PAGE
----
The depression reducing effect is especially beneficial, because it can extend past the time of birth, and post natal depression can have many negative effects on the newborn. The scale used to measure neonatal development has been studied with relation to depression in the mother, and negative effects have been shown with babies born to depressed mothers whose depression continues. Similarly, this scale was used on newborns whose mothers had received prenatal massage, and the measurements showed improvement for the newborn's development.

Third, find a prenatal class in your area and register.BirthArts International, Lamaze, and The Bradley Method all offer classes in most areas. You can get to their websites by clicking on their name in the preceding sentence. Look for a class with positive reviews and ratings online, and for a teacher who shares your philosophy of birth. Even if you are planning a cesarean, you can find a teacher who will be supportive while educating you about your decision.

However, most teachers do feel that birth is a natural physiological process, and that nearly all women are able to give birth naturally if they learn ahead of time what to expect and how to deal with the pain of labor using relaxation techniques, breathing, baths, etc. They will also explain to you what you can expect in a hospital, and what interventions have been studied and shown to be necessary. For example, continuous fetal monitoring is practiced in most hospitals, but has not been shown to be of greater benefit than intermittent monitoring. Some hospitals, however, will not allow the patient to reject this intervention, since it limits their liability and can be used in court to justify other interventions later.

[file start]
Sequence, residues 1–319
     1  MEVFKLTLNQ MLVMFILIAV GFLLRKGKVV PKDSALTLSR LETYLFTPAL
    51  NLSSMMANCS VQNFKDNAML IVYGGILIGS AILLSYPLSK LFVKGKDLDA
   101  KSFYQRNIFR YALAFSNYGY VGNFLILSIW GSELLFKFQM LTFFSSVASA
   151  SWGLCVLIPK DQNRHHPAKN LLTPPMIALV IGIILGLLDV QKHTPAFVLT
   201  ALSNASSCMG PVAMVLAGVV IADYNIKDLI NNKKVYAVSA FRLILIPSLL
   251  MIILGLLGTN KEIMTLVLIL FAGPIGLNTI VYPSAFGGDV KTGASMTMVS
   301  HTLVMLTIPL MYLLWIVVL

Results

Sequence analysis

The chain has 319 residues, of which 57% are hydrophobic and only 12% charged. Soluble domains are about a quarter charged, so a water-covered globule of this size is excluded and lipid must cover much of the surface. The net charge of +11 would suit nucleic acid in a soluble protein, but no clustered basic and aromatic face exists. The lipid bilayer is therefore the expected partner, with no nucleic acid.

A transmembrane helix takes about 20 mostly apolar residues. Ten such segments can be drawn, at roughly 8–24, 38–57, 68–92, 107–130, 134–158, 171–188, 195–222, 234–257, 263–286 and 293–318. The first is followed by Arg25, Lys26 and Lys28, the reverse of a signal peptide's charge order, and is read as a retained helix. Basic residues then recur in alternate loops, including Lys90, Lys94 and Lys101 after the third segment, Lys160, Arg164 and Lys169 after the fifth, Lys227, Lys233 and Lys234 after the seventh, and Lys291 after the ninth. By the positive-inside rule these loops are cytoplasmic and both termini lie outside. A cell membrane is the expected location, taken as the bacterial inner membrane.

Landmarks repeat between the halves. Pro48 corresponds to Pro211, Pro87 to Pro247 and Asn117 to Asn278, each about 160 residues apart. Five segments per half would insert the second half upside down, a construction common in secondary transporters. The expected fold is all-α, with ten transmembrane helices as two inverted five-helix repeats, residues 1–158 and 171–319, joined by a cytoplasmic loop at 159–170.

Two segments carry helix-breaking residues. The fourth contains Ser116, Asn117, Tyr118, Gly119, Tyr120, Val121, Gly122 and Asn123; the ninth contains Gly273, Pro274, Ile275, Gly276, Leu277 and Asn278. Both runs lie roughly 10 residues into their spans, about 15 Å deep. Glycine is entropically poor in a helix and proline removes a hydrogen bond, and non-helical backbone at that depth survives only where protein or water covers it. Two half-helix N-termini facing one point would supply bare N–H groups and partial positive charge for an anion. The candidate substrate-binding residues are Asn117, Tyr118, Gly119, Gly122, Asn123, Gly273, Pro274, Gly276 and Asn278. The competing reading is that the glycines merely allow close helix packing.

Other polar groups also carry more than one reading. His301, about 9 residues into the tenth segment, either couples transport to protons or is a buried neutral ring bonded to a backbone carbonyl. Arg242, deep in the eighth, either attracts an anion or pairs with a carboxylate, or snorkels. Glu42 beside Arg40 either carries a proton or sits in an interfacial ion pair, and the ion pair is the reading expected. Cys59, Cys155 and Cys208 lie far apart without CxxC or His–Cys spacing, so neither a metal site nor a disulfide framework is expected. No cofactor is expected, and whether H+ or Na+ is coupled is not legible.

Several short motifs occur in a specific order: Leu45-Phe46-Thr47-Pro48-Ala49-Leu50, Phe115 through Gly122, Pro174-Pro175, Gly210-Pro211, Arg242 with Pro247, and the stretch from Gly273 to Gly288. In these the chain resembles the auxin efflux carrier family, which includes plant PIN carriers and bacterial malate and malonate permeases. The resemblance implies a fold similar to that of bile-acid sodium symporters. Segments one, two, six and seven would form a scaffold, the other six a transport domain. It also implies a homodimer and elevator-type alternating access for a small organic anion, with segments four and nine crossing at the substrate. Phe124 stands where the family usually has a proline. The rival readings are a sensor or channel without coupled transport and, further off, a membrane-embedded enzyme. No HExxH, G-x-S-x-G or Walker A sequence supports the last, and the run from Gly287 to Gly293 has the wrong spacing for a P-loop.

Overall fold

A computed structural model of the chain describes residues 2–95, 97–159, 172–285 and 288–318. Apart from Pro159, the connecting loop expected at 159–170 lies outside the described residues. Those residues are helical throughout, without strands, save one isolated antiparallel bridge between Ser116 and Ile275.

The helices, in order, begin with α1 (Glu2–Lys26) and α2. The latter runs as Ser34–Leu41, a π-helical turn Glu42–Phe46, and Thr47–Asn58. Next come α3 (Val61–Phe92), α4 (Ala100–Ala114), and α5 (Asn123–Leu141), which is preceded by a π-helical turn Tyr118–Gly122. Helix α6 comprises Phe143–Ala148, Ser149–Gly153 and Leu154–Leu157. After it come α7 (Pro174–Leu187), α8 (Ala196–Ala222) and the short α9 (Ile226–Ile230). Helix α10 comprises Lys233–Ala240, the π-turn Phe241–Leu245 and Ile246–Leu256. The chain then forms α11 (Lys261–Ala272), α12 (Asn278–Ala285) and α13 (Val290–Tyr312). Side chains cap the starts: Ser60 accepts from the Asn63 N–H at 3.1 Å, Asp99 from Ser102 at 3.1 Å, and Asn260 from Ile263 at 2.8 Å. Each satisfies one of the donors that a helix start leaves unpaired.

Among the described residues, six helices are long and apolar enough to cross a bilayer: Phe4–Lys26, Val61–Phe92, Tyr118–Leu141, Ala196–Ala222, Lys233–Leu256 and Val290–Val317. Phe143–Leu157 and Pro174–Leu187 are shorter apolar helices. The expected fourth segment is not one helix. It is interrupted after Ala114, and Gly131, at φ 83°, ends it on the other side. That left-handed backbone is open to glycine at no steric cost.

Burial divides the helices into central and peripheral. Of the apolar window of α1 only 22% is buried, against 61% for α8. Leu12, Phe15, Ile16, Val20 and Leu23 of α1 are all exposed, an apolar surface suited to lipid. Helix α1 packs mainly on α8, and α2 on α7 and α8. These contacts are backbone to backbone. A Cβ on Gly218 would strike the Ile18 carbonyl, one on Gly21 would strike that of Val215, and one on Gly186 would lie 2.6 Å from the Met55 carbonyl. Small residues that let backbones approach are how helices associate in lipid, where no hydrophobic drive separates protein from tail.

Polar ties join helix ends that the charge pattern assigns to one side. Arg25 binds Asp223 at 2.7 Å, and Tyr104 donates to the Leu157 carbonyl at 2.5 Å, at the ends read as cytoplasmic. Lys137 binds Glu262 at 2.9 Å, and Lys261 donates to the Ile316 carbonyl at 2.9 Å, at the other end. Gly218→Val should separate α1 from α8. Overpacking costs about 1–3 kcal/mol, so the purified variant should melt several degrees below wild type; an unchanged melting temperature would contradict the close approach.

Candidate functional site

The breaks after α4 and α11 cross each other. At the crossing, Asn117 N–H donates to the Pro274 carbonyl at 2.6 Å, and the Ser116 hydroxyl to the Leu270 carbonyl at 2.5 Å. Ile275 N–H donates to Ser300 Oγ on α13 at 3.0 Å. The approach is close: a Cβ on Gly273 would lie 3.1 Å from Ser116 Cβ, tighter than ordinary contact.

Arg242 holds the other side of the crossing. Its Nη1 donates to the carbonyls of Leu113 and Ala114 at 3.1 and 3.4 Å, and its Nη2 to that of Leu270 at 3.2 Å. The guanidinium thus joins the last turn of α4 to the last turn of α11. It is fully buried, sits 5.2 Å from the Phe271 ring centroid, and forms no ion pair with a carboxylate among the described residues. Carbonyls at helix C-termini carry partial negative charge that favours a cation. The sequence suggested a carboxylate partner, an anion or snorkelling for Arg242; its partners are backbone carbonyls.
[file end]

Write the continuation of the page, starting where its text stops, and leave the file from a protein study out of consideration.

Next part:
Fourth and last on this list is prenatal yoga. Find yoga teachers at yoga-centers-directory.net Prenatal yoga has been shown to have some of the same benefits as massage, and it can also help in other ways. Most importantly, it can help to make your hips looser and more open, so that it is then easier for the baby to pass through your pelvis. Yoga also can help you to be more relaxed during labor and delivery, so that you are more present and able to deal with any issues that may come up. Prenatal yoga is most effective if you also have a doula to support you in labor and an obstetrician who performs more natural births than c-sections. Having a midwife instead of an OB has begun to become more popular in recent years, since your chances of an unmedicated intervention free birth are higher with a midwife in a free standing birth center.

One difficulty in choosing a doctor and hospital is that they are not required to disclose their statistics to you regarding the number of c-sections they perform, nor are they required to record them at all. This can make it impossible to verify whether a doctor or hospital is likely to give you the type of birth you want.